By Lea Lofenfeld Winkler
& Ramit Frenkel
Reviewed by Pnina Moed-Kass
Gefen Publishing House 2007
Hard Cover 104 pgs. $24.95, NIS 96
The Old and New Testament references to seas range from the Red Sea to the Dead Sea to the Sea of Galilee. In 1986 two brothers, fishermen members of Kibbutz Ginossar on the shores of the Kinneret, made a discovery that caught the imagination of the entire world, archaeologists and laymen alike, anyone who had ever dreamed of discovering an object that would reveal life as it was in the ancient world.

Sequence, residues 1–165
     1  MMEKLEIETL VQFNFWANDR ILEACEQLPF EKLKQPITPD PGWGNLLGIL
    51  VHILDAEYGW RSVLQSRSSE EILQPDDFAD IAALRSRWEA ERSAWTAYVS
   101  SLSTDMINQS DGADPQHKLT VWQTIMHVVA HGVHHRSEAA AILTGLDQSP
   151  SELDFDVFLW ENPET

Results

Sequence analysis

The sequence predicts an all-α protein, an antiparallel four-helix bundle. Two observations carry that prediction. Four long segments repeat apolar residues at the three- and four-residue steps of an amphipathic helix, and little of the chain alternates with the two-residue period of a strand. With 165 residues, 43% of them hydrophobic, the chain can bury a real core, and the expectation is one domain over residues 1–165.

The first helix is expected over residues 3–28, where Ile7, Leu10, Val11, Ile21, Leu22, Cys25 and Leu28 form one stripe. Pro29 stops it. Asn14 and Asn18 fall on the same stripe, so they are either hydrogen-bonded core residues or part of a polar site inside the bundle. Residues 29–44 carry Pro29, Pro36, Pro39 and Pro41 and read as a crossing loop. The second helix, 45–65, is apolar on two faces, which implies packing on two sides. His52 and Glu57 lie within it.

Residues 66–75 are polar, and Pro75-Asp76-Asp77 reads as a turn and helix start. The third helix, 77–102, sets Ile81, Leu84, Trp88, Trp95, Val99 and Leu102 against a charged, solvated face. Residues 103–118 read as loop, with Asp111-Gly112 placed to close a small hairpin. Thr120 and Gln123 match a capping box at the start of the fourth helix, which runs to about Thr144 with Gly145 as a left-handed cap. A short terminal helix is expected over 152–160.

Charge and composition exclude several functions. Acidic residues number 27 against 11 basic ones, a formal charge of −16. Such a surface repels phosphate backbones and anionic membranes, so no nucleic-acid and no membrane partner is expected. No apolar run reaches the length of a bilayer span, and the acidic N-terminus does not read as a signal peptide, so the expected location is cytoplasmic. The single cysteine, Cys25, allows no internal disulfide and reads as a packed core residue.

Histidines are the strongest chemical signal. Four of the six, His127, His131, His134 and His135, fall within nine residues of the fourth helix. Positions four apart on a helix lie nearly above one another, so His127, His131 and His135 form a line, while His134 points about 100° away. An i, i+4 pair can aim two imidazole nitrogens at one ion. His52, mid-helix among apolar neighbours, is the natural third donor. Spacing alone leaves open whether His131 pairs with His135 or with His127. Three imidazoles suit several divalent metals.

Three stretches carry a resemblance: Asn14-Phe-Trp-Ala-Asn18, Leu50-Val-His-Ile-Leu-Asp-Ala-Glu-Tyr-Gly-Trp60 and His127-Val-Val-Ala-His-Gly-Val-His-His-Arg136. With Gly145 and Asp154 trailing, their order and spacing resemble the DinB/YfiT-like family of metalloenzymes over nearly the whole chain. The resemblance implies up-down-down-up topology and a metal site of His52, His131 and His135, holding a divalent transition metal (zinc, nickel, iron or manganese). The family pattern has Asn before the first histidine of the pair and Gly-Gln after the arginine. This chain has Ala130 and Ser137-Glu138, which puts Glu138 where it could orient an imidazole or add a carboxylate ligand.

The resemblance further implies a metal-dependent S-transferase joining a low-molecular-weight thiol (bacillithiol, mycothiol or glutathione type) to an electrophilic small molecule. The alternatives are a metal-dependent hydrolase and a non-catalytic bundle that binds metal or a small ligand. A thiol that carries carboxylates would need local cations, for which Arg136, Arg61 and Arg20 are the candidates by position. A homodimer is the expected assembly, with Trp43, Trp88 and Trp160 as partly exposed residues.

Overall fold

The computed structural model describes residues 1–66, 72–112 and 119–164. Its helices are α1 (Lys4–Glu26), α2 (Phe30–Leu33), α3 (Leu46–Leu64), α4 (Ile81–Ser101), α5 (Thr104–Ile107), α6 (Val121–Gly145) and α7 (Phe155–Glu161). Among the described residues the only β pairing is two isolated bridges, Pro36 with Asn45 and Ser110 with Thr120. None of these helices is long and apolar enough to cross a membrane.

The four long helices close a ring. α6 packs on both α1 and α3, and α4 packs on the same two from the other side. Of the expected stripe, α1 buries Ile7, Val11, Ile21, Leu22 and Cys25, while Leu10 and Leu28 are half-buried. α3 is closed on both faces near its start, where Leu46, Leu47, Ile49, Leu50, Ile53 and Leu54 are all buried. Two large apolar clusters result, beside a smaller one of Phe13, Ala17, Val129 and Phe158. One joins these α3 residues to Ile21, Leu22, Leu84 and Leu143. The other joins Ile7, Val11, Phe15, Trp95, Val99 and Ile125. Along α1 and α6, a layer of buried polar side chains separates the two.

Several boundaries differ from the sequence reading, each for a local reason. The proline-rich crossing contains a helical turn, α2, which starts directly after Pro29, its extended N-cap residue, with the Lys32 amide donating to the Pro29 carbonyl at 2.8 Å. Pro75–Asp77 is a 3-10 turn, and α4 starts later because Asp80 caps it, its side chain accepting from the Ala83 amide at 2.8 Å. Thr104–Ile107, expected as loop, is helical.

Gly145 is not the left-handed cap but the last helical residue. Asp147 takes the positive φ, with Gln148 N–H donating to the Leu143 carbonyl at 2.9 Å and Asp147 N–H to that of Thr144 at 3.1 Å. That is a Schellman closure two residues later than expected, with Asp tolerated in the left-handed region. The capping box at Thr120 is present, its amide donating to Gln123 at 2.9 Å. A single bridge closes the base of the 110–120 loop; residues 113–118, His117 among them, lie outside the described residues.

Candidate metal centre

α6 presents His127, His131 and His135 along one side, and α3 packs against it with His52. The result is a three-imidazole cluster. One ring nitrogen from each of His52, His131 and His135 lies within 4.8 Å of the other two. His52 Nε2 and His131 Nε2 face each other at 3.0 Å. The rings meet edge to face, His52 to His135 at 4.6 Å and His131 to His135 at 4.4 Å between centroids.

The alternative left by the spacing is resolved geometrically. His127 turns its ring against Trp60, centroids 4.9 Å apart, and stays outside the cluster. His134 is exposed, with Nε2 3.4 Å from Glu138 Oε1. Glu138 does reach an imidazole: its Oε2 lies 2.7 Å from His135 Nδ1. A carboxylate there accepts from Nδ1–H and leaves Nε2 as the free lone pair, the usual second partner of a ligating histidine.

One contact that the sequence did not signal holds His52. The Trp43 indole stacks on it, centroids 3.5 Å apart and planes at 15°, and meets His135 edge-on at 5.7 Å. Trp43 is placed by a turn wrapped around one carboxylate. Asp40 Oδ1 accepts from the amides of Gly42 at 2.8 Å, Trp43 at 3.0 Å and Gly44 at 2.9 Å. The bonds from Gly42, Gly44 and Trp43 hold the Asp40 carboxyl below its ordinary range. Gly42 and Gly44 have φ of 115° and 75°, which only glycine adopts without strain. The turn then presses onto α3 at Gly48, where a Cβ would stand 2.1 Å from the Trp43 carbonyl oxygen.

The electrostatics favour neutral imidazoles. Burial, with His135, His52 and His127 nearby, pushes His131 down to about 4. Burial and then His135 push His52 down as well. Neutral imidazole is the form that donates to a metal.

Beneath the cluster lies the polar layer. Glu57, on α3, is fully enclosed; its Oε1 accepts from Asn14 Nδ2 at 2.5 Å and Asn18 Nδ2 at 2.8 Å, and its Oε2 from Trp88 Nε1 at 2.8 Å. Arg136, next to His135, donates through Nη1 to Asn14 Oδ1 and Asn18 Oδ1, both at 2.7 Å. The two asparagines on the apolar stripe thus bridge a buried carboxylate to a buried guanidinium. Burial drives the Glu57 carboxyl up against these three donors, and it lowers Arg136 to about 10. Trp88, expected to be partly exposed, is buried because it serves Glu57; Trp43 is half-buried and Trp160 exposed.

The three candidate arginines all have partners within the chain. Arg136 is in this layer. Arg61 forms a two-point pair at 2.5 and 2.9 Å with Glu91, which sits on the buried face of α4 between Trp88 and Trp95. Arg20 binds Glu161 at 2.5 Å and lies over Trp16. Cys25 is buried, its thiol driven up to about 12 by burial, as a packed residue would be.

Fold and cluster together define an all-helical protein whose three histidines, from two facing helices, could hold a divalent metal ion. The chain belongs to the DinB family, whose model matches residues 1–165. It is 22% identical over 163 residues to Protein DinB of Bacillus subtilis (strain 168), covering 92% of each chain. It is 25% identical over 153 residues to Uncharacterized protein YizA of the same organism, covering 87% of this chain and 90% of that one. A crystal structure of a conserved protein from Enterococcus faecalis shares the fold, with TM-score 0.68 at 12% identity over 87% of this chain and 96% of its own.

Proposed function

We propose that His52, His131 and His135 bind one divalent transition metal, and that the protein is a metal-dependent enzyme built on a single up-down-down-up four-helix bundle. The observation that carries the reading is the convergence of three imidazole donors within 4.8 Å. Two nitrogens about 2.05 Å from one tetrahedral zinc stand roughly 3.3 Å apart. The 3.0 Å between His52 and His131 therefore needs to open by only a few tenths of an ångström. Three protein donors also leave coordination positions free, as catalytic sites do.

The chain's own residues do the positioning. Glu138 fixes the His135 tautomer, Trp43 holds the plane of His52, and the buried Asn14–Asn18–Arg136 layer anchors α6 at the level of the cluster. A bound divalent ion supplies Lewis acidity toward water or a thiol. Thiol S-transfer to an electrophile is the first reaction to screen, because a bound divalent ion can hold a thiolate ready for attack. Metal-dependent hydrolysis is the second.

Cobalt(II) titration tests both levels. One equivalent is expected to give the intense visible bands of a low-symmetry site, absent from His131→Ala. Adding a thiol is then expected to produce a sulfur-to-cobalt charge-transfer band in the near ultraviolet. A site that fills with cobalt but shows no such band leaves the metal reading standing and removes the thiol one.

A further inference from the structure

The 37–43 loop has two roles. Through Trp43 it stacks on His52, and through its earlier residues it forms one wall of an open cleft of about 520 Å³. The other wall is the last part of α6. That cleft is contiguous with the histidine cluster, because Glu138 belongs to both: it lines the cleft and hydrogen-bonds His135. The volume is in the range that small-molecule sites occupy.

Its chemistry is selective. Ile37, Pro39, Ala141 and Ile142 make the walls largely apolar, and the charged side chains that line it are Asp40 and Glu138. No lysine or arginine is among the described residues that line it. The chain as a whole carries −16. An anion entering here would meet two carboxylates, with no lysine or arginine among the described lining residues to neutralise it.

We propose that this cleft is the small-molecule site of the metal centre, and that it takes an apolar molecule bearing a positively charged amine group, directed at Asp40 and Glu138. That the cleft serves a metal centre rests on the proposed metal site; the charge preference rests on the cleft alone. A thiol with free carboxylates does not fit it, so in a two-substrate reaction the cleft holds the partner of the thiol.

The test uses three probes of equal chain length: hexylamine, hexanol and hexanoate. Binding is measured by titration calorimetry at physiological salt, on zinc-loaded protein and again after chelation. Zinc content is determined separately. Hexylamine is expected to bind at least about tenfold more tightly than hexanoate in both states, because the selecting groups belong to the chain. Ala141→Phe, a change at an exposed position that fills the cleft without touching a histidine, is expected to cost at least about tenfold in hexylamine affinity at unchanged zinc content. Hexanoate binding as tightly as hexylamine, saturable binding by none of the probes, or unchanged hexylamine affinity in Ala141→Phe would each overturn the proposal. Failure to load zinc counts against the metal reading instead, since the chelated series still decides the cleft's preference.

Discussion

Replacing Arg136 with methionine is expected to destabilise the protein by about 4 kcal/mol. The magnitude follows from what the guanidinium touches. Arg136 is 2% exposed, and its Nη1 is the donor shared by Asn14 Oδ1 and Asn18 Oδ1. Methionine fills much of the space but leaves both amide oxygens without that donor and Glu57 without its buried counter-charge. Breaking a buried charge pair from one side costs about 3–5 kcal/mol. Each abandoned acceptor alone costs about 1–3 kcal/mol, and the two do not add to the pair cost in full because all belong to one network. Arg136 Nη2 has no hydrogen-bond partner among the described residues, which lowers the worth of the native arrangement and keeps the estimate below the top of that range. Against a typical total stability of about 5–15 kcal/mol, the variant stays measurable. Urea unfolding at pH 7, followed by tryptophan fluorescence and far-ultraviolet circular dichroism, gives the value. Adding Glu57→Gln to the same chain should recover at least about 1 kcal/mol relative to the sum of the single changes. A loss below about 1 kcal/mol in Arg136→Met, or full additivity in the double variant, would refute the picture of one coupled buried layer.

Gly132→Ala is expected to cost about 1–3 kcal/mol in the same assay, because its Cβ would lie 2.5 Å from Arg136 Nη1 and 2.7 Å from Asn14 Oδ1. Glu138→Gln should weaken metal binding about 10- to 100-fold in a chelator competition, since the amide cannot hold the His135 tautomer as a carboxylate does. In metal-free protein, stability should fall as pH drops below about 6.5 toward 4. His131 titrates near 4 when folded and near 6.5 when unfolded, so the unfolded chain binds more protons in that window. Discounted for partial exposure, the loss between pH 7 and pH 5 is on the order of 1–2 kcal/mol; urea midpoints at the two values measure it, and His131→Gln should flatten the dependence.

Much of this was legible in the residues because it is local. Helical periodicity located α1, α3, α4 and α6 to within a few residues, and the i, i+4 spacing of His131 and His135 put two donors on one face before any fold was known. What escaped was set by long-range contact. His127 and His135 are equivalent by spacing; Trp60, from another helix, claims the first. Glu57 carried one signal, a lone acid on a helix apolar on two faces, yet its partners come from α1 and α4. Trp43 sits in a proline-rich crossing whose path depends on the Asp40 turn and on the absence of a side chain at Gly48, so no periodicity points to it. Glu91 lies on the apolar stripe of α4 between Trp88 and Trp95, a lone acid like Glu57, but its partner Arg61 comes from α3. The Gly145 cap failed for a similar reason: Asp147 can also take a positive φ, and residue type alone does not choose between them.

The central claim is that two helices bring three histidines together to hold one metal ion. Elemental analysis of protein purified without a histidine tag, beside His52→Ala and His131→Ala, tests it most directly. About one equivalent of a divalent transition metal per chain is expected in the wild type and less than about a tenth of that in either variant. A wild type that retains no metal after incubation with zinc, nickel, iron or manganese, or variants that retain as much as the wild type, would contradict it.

Moshe and Yuval Lufan unearthed the timber frame of a 2000 year-old fishing boat, the very kind that might have been used by Jesus. Initially an accidental discovery, the brothers, who for years had collected coins and other archaeological objects, immediately understood the implications of the waterlogged wooden frame that slowly revealed itself. Due to years of drought the water level of the Kinneret was then unusually low and had receded dramatically from the shore. Many people were recruited to help uncover and salvage the important discovery, but this book charmingly relates what a homegrown effort it was, motivated by enthusiasm and commitment to what all involved saw as an almost patriotic project. All the stages of the fourteen years of conservation, preservation and investigation are dramatically told in this book. I could quibble with some of the overly emotional descriptions, the quasi-poetic narrative, but when I had finished reading the book and perused the explanatory accompanying photographs, I was impressed by the amount and depth of information painlessly dispensed. The authors detail everything from the trees used for the timbers, cooking utensils that were also found, and delving into the mystery of who built the boat. This is an easy, non-technical read, certainly a great gift and a terrific addition to anyone's bookshelf.